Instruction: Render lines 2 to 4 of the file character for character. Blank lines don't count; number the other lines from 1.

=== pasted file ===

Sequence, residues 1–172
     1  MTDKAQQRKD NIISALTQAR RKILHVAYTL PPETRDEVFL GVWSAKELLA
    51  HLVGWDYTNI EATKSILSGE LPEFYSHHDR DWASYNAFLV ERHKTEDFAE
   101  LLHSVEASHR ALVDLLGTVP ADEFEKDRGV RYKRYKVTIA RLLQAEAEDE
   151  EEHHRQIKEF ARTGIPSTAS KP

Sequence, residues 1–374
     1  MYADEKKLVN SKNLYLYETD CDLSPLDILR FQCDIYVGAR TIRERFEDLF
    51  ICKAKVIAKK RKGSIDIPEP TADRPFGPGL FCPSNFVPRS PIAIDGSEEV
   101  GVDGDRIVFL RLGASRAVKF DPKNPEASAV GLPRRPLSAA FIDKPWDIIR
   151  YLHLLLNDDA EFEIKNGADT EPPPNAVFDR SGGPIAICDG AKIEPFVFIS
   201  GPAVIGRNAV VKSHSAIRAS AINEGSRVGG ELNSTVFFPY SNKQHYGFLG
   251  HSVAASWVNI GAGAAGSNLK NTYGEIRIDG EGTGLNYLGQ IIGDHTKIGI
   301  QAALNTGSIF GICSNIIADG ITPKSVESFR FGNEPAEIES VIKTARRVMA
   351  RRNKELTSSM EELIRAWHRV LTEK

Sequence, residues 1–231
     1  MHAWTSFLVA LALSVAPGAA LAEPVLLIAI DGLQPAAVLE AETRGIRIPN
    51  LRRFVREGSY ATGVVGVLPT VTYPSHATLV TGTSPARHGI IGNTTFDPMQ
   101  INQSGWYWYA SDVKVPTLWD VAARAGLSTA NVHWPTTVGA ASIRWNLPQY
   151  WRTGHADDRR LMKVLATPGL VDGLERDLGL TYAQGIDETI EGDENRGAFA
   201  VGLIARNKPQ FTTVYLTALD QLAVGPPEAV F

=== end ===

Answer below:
     1  MTDKAQQRKD NIISALTQAR RKILHVAYTL PPETRDEVFL GVWSAKELLA
    51  HLVGWDYTNI EATKSILSGE LPEFYSHHDR DWASYNAFLV ERHKTEDFAE
   101  LLHSVEASHR ALVDLLGTVP ADEFEKDRGV RYKRYKVTIA RLLQAEAEDE